The Battle for North Africa Author:John Strawson After the fall of France in 1940 the War's center of gravity shifted to the Middle East, and for the next three years Britain and her Allies learned how to wage war in North Africa and the Mediterranean. This theater of operations was not merely of critical strategic importance - it was the only one where the British could engage the Axis on lan... more »d. Early victories over Italian forces gave way to the ebb and flow of 8th Army's struggle with Rommel's Panzerarmee - a struggle finally ended by the surrender of all Axis forces in Tunisia.
Wiinston Churchill bombarded his desert commanders with telegrams urging them on to the offensive. Yet, despite all his prodding, the British were unable to finish the campaign quickly. Distractions in the Balkans and in the Far East robbed first Wavell, then Auchinleck of decisive victory. After the American involvement, only a combination of great material superiority and Montgomery's relentless advance finally routed Rommel's armies. By then the battle of supplies had been won, and the tiny fortress of Malta had played the key role in intercepting Axis shipping. Keeping Malta alive demanded heroic efforts by the Royal Navy, the Royal Air Force, and the island itself, and it often influenced the timing and purpose of 8th Army's offensives.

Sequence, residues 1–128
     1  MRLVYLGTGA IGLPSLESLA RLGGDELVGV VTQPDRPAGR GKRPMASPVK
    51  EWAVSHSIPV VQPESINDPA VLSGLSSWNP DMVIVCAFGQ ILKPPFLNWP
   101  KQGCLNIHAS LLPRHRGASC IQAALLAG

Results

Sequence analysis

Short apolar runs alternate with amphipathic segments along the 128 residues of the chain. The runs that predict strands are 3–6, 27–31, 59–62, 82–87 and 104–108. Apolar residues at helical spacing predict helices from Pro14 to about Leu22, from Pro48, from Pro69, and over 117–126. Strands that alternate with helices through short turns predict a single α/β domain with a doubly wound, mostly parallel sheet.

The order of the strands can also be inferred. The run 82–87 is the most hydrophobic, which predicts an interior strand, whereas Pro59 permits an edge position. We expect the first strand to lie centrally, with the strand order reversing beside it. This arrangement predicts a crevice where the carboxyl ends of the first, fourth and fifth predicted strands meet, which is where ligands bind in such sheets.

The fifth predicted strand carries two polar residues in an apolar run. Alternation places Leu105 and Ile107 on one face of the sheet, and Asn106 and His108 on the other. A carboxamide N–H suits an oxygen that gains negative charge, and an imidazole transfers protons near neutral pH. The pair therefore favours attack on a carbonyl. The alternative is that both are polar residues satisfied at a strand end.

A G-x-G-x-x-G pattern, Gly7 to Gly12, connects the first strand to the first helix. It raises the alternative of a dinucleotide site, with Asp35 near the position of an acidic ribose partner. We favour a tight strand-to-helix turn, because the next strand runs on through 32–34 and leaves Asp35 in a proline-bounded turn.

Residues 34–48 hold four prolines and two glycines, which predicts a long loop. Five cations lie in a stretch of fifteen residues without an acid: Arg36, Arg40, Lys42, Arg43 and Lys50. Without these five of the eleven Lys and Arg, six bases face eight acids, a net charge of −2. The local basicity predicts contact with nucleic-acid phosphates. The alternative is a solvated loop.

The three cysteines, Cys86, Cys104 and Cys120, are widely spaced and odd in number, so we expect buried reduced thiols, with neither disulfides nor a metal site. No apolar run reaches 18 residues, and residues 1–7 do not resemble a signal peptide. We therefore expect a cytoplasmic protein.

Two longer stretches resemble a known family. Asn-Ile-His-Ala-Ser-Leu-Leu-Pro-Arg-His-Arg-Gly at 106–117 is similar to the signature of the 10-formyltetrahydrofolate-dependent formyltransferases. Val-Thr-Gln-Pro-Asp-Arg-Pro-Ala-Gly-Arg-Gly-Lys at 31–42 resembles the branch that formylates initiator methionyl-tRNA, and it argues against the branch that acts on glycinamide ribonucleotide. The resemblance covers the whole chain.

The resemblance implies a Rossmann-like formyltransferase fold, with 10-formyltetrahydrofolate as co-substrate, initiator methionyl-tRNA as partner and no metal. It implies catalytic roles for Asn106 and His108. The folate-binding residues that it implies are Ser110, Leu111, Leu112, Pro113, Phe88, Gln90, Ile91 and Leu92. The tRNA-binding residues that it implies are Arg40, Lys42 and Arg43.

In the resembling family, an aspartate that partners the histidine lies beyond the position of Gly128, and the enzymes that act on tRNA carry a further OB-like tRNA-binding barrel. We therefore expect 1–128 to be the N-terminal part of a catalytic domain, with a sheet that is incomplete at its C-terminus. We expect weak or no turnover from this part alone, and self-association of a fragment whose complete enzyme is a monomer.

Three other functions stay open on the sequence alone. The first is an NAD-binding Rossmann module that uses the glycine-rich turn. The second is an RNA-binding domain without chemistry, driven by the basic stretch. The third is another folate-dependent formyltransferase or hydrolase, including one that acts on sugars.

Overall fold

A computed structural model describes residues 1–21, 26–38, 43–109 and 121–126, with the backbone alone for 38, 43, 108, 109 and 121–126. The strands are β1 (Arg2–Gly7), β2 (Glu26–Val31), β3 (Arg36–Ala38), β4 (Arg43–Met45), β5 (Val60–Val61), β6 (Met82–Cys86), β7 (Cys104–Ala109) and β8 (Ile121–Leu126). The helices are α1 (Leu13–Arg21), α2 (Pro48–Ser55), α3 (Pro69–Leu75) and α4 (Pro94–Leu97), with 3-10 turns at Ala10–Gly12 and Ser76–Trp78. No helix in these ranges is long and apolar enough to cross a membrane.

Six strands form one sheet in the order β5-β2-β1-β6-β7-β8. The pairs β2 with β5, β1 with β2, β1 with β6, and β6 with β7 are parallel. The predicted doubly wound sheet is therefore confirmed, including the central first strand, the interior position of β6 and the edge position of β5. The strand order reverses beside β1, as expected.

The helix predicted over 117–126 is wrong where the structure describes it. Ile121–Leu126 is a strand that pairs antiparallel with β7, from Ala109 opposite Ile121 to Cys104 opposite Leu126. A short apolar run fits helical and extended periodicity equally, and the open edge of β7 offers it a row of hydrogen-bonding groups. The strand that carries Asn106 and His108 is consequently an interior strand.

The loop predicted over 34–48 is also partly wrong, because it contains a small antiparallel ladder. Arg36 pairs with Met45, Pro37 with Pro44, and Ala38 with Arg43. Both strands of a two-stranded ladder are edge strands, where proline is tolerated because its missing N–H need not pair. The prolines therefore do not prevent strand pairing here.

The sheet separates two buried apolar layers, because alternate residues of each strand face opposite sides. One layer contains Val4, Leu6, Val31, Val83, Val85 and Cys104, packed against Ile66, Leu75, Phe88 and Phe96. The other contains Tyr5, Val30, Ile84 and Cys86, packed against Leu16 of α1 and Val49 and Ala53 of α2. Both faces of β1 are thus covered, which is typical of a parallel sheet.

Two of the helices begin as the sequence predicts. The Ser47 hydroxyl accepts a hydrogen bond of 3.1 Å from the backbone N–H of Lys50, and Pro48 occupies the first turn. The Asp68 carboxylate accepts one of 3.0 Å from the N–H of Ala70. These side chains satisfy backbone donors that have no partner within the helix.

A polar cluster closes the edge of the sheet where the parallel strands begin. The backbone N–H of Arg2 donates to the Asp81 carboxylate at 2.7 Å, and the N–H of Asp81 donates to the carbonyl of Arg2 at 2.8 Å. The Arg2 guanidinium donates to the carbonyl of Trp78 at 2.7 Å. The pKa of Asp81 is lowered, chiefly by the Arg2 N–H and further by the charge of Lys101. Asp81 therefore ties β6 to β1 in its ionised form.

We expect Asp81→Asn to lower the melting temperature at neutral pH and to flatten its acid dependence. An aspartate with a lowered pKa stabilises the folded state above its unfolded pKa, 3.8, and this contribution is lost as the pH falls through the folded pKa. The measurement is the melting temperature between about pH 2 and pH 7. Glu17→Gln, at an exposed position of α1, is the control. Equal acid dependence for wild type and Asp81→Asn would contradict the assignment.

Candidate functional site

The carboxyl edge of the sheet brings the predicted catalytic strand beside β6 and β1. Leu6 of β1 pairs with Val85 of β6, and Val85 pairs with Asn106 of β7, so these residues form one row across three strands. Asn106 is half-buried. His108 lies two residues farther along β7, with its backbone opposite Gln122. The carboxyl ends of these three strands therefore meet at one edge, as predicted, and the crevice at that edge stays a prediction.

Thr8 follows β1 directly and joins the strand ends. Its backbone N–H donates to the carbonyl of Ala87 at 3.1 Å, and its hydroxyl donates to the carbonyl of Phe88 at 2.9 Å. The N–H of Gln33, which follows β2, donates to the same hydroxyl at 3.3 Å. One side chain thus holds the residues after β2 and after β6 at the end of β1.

In showing how the nature and conduct of battles developed during the three-year desert campaign, John Strawson brings together the strategic considerations, the changing tactics, and the impressions of those who did the actual fighting. His exciting narrative is illustrated by numerous contemporary photographs and specially drawn maps, and by eye-witness accounts. The soldiers of many nations - Germans, Italians, Indians, New Zealanders, British tank crews, and Americans - all give their impressions of what the Battle for North Africa was like.« less